Harav Ahron Halevi Soloveichik
Today’s sedrah remarks that “Man is like the tree of the field.” We even celebrate a New Year of Trees. What can a Torah Jew learn from this?
Trees, in fact almost all growing things, are comprised of three parts: roots, body and fruit. Roots are generally concealed underground. They are nonetheless a major source of nourishment for the tree. Besides, the roots determine the strength of the tree. When the roots are deep and wide the tree can withstand storm-winds. If the roots are shallow, any wind may topple the tree, no matter how sturdy the trunk.
The greatest bulk of the tree is the body - trunk, branches and leaves. These are the tree proper. The body constantly renews itself and grows throughout its life. Fresh leaves, new branches, increased girth - these are so much part of the tree that its age can be reckoned by the rings in the trunk. But necessary as the roots are, impressive as the size of the trunk and thickness of the foliage, the perfection and perpetuation of the tree lies in its fruit. Only through its seeds can new trees spring forth, far from the parent tree and long after the parent’s tree’s life.
“Man is like the tree of the field” in a spiritual sense - for that is the concern of the Torah. What are the three divisions in the Jew’s Torah life?
Roots: The source of nourishment of the soul is emunah, faith. Hidden, unobtrusive, unarticulated, it binds the Jew to his source. He may obtain profound wisdom and learning saintliness, yet his roots still continue to nourish him, to give him vitality and purpose to his Torah and mitzvos. The deeper the Torah learning and the more pervasive his mitzvah living, the more penetrating is his sense of emunah in G-d and His Torah, his awareness and closeness to his Creator.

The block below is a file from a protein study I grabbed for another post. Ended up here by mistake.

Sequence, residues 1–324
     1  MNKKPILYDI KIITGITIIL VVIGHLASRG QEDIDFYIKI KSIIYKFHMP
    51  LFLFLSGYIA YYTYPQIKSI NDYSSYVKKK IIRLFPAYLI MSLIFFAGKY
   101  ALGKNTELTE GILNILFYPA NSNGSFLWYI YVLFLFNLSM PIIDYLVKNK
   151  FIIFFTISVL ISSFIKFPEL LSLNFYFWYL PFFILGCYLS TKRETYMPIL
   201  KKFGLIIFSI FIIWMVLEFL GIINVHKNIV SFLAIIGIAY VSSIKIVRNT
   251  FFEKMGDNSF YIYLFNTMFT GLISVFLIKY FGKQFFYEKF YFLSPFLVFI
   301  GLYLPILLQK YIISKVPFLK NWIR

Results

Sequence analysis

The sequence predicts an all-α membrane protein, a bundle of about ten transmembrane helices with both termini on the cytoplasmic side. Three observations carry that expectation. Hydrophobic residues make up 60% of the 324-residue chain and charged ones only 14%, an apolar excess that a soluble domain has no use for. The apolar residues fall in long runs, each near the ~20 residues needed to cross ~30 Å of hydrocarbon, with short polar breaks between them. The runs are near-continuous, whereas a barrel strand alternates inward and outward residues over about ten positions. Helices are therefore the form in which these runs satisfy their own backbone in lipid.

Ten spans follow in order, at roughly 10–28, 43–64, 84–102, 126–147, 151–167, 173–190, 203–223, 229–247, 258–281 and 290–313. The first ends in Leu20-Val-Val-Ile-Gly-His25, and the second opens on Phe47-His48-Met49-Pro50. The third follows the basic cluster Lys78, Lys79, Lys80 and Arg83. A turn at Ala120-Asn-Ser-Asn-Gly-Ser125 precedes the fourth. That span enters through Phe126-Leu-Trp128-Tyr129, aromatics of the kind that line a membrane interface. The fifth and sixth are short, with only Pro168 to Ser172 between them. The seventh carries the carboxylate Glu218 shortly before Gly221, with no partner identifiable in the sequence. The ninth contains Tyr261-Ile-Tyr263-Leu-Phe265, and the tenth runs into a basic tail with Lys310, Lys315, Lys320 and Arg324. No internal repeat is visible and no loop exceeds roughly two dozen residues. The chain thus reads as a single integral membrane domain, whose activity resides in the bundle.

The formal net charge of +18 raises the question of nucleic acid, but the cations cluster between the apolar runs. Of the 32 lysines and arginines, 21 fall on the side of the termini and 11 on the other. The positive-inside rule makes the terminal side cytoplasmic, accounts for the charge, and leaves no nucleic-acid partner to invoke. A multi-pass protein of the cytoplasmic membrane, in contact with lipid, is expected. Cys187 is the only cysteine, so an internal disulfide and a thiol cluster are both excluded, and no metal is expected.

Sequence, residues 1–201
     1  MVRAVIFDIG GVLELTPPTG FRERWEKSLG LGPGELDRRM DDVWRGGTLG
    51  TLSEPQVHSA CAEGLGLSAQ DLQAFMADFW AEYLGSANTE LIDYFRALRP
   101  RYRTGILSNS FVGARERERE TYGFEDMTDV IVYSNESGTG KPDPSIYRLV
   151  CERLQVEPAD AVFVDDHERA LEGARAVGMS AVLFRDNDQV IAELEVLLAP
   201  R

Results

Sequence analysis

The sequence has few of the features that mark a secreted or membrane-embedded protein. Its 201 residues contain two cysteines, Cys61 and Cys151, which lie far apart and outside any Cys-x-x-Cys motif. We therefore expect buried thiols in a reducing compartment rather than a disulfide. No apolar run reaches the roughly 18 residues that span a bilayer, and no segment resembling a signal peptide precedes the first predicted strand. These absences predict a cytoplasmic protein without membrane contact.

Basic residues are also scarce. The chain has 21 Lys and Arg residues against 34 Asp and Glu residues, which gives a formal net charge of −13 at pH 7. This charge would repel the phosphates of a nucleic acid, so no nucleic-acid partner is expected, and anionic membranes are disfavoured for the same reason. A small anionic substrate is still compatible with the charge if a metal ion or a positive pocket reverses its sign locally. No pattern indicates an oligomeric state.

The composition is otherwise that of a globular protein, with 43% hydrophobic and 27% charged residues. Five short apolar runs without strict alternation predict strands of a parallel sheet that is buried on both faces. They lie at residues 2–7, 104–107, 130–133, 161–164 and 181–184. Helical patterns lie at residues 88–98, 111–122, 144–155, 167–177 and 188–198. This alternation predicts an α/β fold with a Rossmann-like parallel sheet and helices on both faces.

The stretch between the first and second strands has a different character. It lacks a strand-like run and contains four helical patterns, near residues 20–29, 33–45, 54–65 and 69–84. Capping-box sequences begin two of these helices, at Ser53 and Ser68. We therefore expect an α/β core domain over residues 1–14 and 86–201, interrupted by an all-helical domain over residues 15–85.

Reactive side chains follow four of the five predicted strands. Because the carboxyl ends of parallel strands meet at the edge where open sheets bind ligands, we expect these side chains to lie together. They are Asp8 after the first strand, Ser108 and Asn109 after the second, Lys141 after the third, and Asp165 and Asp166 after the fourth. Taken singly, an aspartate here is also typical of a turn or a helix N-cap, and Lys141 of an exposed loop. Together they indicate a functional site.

Trunk and body: Torah demands constant growth and development. The scholar never ceases to learn, for increased wisdom is increased challenge to learn. The Jew never graduates. Observance of mitzvos increases with time too with warmer enthusiasm and appreciation. There is hiddur mitzvah, the beauty of mitzvos, going beyond the minimal, basic requirements of the mitzvos be cause love of the mitzvos creates thirst for mitzvos. All pleasure become jaded with time and age but the delights and satisfactions of Torah and mitzvos grow deeper. The growing Jew constantly adds to his store of learning, constantly refines his character and conduct. His age is measurable by his achievement. Time means growth, not merely accumulated years.
Fruit: But the fulfillment of the Jew is not in his own development nor even perfection. The Jew must make his influence felt in his home and family, in his congregation and community. He does not selfishly hoard his learning and Yiddishkeit. The learned and pious father must insure his children’s learning and mitzvah observance. “All of Israel is responsible for one another.” None of us can be isolated. We have the duty of helping and teaching others to live Torah lives. We make fruits by providing Torah schooling for children. Only then does a Jew achieve his goal, for his nourishing faith has produced a robust and growing life of Torah and mitzvos for himself and an enriched Jewish life for all whom he can reach.